Howard Hills, author of Citizens Without A State, wrote a thoughtful article at The Pacific Times. Congress has approved a renewal of the Compacts of Free Association negotiated with Palau, the Federated States of Micronesia and the Marshall Islands 75 years ago — but not before they ran out at the end of September. Congress has still not appropriated the funds, so the three COFA nations are in a difficult financial situation.

“Neither a complete success story nor a saga of failure once finally accomplished, the expired COFA renewal process reflects the juridical nature of free association,” Hills wrote. “After all, COFA is a terminable agreement under international law as defined by the U.S. and accepted by the FAS as long as the parties don’t determine better options exist.”

That is, compacts of free association can be rejected by either of the nations involved in the compact.

What does free association offer?

“Indeed, the COFA alliance is based on 75 years of U.S. needs for the strategic benefits of annexation without actual political annexation, in exchange for economic assistance,” Hills continued. The U.S. has demanded permanent military access in. all three nations, even if the financial support ends. “That has been the chosen alternative to constitutional integration and political union under U.S. sovereignty, with a guarantee of common American nationality and citizenship.”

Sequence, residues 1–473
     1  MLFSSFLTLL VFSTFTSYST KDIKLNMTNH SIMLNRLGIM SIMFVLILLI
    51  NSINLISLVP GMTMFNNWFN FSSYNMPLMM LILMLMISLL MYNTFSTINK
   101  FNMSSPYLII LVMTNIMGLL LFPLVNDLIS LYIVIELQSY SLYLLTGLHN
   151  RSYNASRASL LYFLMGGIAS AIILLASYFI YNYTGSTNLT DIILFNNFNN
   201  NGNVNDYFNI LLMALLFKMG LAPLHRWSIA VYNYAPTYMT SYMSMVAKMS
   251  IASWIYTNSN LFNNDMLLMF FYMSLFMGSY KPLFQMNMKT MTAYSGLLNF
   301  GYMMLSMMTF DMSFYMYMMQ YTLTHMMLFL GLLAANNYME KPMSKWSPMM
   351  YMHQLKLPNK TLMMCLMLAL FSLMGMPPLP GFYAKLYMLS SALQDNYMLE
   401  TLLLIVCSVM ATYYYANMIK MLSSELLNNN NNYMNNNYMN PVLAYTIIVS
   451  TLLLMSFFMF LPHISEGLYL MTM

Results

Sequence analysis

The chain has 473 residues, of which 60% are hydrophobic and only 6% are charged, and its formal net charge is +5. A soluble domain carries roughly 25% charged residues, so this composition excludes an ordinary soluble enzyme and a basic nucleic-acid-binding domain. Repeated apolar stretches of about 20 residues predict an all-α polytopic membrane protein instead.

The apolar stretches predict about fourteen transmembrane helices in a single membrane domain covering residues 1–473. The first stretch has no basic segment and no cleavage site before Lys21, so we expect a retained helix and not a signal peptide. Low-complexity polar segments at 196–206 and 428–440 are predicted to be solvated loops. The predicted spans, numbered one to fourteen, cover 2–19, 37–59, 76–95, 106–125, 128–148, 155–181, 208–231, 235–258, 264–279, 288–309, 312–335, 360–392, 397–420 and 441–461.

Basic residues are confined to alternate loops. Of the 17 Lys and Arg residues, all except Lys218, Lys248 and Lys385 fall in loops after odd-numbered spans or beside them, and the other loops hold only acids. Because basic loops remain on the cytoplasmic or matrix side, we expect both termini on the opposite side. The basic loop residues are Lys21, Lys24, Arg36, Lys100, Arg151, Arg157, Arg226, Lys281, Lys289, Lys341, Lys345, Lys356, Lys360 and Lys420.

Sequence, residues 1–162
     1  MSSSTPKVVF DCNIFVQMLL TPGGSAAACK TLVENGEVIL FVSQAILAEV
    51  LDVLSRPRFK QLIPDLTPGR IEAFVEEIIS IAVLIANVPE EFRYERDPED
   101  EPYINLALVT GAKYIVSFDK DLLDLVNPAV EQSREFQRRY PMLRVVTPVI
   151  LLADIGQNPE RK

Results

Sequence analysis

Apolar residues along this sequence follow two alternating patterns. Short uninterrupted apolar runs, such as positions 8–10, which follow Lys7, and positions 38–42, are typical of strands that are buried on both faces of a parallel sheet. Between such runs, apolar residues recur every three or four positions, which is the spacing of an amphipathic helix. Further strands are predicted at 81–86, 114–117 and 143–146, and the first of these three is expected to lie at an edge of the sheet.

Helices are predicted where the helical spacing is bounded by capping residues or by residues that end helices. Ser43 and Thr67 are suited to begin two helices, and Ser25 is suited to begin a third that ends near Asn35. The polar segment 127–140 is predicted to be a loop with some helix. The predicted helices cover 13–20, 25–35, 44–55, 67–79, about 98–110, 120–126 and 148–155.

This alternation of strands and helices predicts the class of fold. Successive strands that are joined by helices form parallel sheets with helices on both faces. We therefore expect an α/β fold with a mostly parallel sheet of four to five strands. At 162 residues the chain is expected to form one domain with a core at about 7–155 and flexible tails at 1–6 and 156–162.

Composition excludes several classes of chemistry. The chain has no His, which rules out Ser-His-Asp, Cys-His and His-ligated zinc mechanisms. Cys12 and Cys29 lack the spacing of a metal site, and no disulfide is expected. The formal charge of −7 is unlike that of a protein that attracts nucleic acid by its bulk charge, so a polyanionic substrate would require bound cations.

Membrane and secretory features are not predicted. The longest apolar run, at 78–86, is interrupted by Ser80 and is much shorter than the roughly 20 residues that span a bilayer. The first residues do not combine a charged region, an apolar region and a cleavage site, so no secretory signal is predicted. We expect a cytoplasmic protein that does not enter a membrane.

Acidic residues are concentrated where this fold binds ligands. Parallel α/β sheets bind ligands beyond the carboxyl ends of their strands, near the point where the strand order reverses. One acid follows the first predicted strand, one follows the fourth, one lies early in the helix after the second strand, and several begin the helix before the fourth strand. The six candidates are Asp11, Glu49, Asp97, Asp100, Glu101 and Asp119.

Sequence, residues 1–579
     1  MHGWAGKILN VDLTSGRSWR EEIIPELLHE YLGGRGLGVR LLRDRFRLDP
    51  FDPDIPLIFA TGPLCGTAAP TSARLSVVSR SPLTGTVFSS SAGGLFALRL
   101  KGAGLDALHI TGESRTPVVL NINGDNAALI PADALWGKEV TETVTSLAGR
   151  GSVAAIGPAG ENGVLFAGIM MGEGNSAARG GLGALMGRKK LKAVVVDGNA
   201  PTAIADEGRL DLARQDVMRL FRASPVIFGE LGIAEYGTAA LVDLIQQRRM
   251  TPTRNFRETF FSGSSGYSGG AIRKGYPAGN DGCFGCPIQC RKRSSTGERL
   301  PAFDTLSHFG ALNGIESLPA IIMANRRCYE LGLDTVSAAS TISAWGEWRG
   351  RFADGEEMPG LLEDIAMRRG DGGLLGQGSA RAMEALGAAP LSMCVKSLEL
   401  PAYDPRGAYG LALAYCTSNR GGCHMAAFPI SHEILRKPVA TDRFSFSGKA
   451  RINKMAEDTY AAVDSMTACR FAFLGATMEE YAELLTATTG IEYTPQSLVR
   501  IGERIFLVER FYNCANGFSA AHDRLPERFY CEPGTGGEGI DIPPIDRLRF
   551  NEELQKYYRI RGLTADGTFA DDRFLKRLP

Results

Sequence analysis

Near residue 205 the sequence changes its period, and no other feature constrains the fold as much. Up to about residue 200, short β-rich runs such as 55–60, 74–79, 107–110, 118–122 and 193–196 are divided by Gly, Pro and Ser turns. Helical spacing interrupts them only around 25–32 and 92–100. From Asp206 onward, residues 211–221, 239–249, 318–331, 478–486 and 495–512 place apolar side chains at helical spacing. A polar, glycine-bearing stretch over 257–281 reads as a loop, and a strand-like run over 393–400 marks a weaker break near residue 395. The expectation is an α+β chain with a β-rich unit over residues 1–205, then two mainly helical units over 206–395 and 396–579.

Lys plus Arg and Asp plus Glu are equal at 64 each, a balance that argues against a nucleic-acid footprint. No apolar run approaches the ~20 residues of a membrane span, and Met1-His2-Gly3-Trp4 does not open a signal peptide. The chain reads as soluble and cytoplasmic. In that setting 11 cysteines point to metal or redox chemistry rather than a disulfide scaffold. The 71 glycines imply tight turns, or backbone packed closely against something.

All three of the freely associated states chose to become independent nations rather to continue as U.S. territories. The Northern Mariana Islands, in contrast, chose to be a territory of the United States, like their neighbor, Guam.

“Only Puerto Rico has chosen democratically to transition into full equality of citizenship rights and permanent political union under statehood. But so far Congress has deferred and by not passing a self-determination act for Puerto Rico, forfeited its authority and responsibility to resolve the status of that territory.”

“Sovereign free association” is one of the options for Puerto Rico’s political status under the Puerto Rico Status Act, and its supporters have in many cases suggested that a COFA for Puerto Rico would be like the mythical “enhanced commonwealth” which has been rejected by all three branches of the federal government. In fact, free association with the United States is always a form of independence.

As Hills points out, free association does not include U.S. citizenship, nor is it a permanent relationship that can’t be changed without mutual agreement. Puerto Rico voters must recognize this reality before choosing a permanent political status.



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